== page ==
Having a blood test
What is blood?
It’s that red stuff that you see when you graze your knee! This is a really important body fluid that transports oxygen and goodness to our body cells.
Our heart pumps blood around our body. It feels like a quiet drum – b-boom b-boom. If you put your finger on the inside of your wrist you can feel this – it’s called your PULSE!
Why do I need a blood test?
Your doctor may have asked you to have a blood test because you have been poorly recently and the blood test will help to find out what has made you feel unwell. They may also want to check that your blood is doing what it should do.
Some children have to have blood tests every few weeks to make sure that they are keeping healthy. This is usually because they have to take some special medicine or tablets and therefore the blood test will check to see that their medication is doing its job right.
Who will do my test?
You may be invited to a community clinic where you will meet a phlebotomist – ooh that’s at big word, how do you say that again “flu-bot’u-mist”, they are trained to do blood tests for children of all ages; even babies.
At the clinic will also meet the phlebotomist’s helper and a play specialist who will give you lots of different toys and books to look at while the blood test is being done. Your parents can come into the clinic room with you and can even read you a story whilst the blood test is being done. You don’t have to look when the test is done however if you want to that is fine – it’s entirely up to you!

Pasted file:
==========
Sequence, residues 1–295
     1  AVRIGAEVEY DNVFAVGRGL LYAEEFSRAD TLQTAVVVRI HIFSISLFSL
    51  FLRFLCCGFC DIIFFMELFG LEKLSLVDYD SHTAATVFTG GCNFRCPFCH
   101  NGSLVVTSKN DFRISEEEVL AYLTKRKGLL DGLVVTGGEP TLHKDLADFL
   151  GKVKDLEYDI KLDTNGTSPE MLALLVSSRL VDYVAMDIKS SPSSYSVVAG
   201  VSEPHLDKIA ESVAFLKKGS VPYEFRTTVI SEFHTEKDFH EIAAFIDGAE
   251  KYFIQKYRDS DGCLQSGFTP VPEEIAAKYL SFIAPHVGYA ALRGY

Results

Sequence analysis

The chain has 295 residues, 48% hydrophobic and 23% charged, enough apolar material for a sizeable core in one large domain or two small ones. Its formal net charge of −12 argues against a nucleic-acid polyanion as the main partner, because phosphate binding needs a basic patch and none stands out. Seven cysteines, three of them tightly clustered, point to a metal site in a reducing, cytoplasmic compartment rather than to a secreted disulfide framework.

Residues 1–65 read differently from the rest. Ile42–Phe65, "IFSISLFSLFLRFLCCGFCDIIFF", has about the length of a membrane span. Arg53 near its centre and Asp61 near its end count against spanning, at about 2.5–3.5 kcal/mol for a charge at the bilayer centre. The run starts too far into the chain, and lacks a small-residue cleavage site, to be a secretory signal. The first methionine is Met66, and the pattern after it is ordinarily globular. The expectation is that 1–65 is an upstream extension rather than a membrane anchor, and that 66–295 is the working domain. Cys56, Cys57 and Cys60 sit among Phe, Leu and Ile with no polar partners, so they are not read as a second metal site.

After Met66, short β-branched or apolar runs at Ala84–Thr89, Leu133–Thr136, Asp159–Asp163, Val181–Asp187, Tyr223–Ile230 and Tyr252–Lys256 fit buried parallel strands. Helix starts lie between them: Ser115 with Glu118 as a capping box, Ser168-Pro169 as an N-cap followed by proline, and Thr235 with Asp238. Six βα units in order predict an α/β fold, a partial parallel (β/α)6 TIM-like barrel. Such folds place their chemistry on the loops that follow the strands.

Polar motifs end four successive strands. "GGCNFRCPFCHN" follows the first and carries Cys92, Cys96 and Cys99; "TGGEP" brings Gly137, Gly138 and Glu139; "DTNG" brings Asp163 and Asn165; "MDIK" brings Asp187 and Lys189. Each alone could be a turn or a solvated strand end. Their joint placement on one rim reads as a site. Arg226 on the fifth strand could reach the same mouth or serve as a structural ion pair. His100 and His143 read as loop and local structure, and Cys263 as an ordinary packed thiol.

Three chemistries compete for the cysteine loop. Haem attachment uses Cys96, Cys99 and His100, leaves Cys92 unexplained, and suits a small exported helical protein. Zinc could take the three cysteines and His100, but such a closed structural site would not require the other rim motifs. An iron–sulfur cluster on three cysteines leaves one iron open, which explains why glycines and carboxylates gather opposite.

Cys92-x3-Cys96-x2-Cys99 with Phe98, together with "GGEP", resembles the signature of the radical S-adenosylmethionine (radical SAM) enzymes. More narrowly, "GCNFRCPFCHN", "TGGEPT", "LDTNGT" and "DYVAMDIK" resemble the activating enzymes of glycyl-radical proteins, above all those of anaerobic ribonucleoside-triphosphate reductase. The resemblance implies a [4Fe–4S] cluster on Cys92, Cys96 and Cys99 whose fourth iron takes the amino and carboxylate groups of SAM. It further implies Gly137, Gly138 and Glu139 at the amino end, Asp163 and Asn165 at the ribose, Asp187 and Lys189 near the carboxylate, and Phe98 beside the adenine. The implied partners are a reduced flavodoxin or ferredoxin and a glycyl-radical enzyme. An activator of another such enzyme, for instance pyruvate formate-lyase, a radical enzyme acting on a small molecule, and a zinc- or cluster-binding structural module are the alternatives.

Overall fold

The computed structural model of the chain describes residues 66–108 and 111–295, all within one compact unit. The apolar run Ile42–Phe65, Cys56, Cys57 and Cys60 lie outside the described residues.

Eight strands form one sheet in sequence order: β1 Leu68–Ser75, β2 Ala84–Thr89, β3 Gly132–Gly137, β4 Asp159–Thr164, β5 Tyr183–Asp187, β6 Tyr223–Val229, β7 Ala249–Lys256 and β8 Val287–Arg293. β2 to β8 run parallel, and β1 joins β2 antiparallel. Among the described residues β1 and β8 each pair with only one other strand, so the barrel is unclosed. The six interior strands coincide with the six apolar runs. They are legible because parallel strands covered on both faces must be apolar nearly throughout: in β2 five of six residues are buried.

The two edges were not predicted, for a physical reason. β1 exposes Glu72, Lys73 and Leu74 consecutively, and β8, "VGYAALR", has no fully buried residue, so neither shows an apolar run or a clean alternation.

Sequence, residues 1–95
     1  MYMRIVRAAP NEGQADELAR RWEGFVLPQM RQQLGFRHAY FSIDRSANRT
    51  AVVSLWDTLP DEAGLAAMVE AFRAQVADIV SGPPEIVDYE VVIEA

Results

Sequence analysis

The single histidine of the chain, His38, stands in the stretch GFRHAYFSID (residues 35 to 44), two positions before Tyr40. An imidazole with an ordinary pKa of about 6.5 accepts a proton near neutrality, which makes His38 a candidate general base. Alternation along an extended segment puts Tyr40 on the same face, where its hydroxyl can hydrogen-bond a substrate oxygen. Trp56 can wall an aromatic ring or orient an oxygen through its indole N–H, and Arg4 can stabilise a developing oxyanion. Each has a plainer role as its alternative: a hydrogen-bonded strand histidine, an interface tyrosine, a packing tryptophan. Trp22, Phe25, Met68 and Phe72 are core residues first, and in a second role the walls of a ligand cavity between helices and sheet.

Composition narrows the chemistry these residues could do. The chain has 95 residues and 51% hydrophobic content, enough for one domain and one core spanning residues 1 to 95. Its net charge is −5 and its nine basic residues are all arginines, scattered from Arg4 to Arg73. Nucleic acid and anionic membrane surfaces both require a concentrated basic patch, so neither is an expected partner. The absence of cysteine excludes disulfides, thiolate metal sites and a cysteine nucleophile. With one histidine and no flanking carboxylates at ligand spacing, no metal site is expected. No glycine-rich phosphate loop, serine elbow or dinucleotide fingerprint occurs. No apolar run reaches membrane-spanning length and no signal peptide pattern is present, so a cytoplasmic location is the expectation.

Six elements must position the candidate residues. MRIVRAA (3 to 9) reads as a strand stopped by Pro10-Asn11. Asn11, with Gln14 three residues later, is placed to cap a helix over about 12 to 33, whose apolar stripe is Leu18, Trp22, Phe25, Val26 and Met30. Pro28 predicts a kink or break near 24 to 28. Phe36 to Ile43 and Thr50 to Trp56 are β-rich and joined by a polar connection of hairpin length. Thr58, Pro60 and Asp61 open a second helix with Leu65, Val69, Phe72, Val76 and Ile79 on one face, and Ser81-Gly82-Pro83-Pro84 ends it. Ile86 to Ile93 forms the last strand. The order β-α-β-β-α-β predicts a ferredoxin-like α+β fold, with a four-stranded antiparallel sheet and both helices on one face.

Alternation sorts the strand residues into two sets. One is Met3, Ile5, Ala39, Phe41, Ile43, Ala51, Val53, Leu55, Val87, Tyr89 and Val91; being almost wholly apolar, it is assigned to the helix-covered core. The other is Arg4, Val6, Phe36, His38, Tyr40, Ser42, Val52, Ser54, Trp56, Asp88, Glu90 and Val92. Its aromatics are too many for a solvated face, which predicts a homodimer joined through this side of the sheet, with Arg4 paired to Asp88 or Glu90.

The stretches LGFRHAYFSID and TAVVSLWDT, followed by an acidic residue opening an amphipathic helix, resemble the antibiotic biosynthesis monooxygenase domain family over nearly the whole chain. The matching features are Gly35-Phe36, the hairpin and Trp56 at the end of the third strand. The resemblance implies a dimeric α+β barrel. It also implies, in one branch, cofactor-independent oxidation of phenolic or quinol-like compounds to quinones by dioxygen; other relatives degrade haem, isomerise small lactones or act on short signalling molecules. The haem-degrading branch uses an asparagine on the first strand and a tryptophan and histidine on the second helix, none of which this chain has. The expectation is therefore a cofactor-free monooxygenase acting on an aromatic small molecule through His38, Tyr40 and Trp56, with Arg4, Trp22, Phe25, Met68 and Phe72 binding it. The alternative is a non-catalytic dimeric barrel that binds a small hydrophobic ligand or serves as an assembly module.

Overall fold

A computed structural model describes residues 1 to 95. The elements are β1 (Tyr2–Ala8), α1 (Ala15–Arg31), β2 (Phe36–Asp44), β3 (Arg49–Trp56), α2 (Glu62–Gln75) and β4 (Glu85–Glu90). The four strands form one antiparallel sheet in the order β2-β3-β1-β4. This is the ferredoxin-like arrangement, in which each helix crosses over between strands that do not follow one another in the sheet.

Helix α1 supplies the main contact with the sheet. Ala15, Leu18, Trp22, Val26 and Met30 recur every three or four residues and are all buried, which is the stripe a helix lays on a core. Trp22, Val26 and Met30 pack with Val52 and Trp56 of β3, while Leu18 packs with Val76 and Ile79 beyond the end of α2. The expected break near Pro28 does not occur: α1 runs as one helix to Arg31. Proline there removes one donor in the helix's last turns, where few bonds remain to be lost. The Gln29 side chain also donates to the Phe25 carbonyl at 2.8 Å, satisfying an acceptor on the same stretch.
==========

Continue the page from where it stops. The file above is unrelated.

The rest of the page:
You will only be at the clinic for a short while so no excuse for “bunking off “school.
At some GP surgeries, they may invite you in for an appointment where they will do your blood test. They will also have been trained to do blood tests for children of all ages.
Will it hurt?
The phlebotomist will usually take the blood from the inside of your arm; this is also called the brachial vein.
They will use a special spray or cream to help numb the arm. You may feel a little scratch but this will only last for seconds. Your arm may feel a bit funny afterwards but it is still alright to use it. That means schoolwork can still be done. The phlebotomist helper will then put a sticky plaster on your arm and you can then go home/back to school.
What happens to the blood that has been taken?
The blood from your arm will be squirted into a special tube and this is then put into a special bag with your name on it. The phlebotomist will then send this to a laboratory to be tested.
The results of the test will then be sent to your doctor who may want to see you again to talk to you and your parents about the results.